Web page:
The number of smartphone sales are increasing world-wide as time goes on. Smartphones now take up 55% of all mobile phone sales in the world. The numbers are only expected to increase further to 60% by 2019 according to Ericsson. This is very promising data that has been released for professionals in the mobile application development field. The opportunities are growing to create an app for smartphone users as smartphone sales rise. Also stated in the article is that video will make up 50% of all mobile traffic in 2019. To read more about this and see the chart displaying past, present, and future data, check out the linked article below.
The many uses for smartphones are increasing day by day and the possibilities seem limitless. One of the next big capabilities smartphone makers and application developers are making use of are the coprocessor’s abilities to track data even while the user is not using their smartphone. This is something that has been around for a little while, but previously, it required the use of a Bluetooth connection and an application being open on the smartphone. Now, the smartphone can be completely idle with the display off and no applications open, yet still make use of this new responsive technology through the coprocessor in the smartphone. It collects sensor data from integrated accelerometers, gyroscopes, and compasses. This can be used to track information for users and implement the information into applications such as fitness trackers before the user opens the app for the first time. Making use of this technology is something application developers will definitely want to consider as it could completely blow the user away during their “out of the box experience”.
Mixpanel is looking to change the way companies get feedback. Email surveys are often ignored due to the extra effort the user does not want to put in. This is where Mixpanel is hoping to change surveying. Instead of going from email to go to a webpage to view a survey, it will pop up inside the app. The customization of the survey will allow developers to make it look and feel like it was built into the app from the beginning.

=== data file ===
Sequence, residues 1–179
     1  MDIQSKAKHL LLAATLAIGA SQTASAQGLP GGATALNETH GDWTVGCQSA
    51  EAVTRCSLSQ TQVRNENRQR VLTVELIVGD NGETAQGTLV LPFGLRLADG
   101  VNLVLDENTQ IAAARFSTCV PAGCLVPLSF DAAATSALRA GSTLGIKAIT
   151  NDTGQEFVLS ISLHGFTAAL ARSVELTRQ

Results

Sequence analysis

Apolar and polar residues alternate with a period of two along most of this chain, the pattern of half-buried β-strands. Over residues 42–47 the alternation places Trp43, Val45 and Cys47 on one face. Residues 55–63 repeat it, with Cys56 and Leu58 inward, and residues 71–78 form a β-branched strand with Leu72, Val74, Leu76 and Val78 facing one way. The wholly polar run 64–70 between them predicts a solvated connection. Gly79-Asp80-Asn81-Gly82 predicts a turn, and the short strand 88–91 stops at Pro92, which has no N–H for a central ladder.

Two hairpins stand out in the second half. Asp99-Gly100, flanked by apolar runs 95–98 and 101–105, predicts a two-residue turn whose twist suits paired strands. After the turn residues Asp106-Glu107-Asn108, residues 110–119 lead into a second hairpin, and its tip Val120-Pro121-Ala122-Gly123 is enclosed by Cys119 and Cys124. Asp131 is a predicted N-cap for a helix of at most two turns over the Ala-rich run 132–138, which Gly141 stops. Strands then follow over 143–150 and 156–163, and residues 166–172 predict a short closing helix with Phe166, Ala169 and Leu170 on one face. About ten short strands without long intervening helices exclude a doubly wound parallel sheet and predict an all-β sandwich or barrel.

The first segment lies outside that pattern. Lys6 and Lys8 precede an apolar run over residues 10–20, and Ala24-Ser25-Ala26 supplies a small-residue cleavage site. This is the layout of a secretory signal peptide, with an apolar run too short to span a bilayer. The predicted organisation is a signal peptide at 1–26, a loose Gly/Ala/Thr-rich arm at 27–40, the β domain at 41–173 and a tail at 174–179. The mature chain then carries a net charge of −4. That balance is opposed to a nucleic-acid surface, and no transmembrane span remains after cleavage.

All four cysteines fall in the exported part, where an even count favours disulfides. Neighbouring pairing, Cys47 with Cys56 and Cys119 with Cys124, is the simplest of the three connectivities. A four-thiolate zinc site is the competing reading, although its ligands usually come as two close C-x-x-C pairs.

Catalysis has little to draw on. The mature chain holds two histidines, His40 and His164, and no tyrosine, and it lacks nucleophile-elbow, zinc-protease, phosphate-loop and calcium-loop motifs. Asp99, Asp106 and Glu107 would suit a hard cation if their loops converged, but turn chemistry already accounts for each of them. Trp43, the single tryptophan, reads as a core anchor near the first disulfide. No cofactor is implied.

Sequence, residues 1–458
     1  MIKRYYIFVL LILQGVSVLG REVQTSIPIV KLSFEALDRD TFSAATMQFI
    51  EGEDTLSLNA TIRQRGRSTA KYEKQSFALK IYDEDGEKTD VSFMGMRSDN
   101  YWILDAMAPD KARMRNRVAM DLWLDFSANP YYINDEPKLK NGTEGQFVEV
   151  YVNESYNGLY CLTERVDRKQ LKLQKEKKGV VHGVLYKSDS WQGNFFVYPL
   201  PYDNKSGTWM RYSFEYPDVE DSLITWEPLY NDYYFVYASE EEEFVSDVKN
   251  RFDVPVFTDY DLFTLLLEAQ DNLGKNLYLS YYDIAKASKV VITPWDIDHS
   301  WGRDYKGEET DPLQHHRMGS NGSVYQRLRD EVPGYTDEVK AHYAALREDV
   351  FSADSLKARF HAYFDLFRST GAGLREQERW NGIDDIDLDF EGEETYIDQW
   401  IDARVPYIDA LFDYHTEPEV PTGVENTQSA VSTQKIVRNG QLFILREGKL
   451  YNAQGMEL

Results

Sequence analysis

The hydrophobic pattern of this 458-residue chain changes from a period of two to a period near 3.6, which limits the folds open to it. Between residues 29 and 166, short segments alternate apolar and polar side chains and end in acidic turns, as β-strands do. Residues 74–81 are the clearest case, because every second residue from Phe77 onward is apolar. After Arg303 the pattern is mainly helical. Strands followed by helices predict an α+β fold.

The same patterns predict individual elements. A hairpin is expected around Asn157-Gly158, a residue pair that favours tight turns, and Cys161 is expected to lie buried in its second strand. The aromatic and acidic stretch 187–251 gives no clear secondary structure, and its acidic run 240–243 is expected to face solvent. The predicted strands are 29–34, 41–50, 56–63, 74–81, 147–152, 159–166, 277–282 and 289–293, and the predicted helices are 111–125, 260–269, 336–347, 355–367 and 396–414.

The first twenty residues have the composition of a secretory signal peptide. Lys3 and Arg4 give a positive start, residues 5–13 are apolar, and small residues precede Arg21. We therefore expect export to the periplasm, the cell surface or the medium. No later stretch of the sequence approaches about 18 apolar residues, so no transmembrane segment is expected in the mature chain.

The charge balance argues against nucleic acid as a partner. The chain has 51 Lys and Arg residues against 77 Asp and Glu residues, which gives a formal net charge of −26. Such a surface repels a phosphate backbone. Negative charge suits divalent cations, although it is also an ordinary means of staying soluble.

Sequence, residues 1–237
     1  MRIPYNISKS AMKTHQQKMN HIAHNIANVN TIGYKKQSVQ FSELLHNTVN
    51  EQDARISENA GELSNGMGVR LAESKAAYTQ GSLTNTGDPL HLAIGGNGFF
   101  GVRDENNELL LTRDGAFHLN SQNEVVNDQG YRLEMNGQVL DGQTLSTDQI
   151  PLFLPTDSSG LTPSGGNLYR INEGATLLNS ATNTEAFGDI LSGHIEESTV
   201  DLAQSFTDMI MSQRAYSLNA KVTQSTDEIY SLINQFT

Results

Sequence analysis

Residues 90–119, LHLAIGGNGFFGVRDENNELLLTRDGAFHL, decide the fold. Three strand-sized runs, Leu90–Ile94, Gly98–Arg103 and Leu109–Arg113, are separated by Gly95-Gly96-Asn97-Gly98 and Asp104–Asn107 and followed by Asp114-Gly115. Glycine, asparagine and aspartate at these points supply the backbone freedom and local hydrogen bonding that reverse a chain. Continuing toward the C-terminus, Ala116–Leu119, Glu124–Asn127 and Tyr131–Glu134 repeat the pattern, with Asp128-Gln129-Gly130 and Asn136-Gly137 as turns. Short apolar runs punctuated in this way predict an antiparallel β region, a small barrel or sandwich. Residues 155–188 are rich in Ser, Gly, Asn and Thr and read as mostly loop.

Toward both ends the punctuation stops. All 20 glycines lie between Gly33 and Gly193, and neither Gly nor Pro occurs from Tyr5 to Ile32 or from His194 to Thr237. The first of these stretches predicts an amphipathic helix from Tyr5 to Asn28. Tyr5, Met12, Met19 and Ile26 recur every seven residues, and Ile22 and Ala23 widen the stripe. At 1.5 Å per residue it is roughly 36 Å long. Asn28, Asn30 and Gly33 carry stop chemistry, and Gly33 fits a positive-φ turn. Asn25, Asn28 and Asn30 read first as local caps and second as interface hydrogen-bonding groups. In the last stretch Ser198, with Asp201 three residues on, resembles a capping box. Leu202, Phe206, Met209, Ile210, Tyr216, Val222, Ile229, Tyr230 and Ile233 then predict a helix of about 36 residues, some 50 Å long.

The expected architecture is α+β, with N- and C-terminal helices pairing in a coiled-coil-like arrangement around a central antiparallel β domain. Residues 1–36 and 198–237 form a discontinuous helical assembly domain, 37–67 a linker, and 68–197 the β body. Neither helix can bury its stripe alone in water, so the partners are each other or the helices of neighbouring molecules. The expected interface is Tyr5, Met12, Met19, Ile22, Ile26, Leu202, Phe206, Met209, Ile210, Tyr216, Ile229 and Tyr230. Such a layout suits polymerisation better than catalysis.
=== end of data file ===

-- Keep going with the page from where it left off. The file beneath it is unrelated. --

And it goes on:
LG has created a new curved smartphone that has not been released just yet. However, Samsung has also created a curved smartphone. The difference between the two is that the LG has a horizontal curve and the Samsung has a Vertical Curve. The two smartphones are not looking well considering there awkward shapes. It’s up to the people to now whether they want their phone curved horizontally or vertically.
AT&T and Verizon have both announced their plans to release smartphones compatible with VoLTE. VoLTE would allow voice calls to be carried out over LTE, which could also open the door for simultaneous data usage and voice usage. AT&T plans to release their first VoLTE compatible phone at the end of the year, while Verizon is planning for a launch in the first half of 2014.
This app simply asks you a few questions in the beginning about yourself such as your GPA, gender, race, state you live in, and grade. Then with that information as well as some other added information such as if you are of a certain religion or involved in sports. All of this information comes together in this application to help identify any scholarships you may be eligible for. Their goal is to aid students in finding scholarships they may not be aware of already. It is also a good application for some people who may have smart phones but limited access to a computer at home.
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Nokia announced that it would be trying once again to break into the smartphone market, largely dominated by rivals Apple and Samsung, by releasing the Lumia 920 this November. The Lumia 920 uses Microsoft Windows software and looks similar to its predecessor, the smaller Lumia 820. The new phone will be on shelves in time for the 2012 holiday season, and sources say that it will be priced similar to Samsung’s Galaxy S3 line.